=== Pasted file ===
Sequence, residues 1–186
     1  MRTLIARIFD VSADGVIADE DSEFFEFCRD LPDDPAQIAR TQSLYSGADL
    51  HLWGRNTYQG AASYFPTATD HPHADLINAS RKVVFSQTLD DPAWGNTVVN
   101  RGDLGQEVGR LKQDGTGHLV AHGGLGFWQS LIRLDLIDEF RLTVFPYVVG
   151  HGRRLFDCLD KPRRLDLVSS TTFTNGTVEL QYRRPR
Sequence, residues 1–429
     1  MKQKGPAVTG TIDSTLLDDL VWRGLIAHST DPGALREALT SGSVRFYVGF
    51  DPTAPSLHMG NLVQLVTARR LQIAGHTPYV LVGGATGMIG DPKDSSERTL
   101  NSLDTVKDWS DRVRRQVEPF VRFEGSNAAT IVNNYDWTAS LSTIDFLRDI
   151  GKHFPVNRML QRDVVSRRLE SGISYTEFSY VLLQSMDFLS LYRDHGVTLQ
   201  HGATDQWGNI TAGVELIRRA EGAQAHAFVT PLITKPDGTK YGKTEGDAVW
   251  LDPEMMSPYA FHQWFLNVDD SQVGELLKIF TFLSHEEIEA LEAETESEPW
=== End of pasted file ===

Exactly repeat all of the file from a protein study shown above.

Sequence, residues 1–186
     1  MRTLIARIFD VSADGVIADE DSEFFEFCRD LPDDPAQIAR TQSLYSGADL
    51  HLWGRNTYQG AASYFPTATD HPHADLINAS RKVVFSQTLD DPAWGNTVVN
   101  RGDLGQEVGR LKQDGTGHLV AHGGLGFWQS LIRLDLIDEF RLTVFPYVVG
   151  HGRRLFDCLD KPRRLDLVSS TTFTNGTVEL QYRRPR
Sequence, residues 1–429
     1  MKQKGPAVTG TIDSTLLDDL VWRGLIAHST DPGALREALT SGSVRFYVGF
    51  DPTAPSLHMG NLVQLVTARR LQIAGHTPYV LVGGATGMIG DPKDSSERTL
   101  NSLDTVKDWS DRVRRQVEPF VRFEGSNAAT IVNNYDWTAS LSTIDFLRDI
   151  GKHFPVNRML QRDVVSRRLE SGISYTEFSY VLLQSMDFLS LYRDHGVTLQ
   201  HGATDQWGNI TAGVELIRRA EGAQAHAFVT PLITKPDGTK YGKTEGDAVW
   251  LDPEMMSPYA FHQWFLNVDD SQVGELLKIF TFLSHEEIEA LEAETESEPW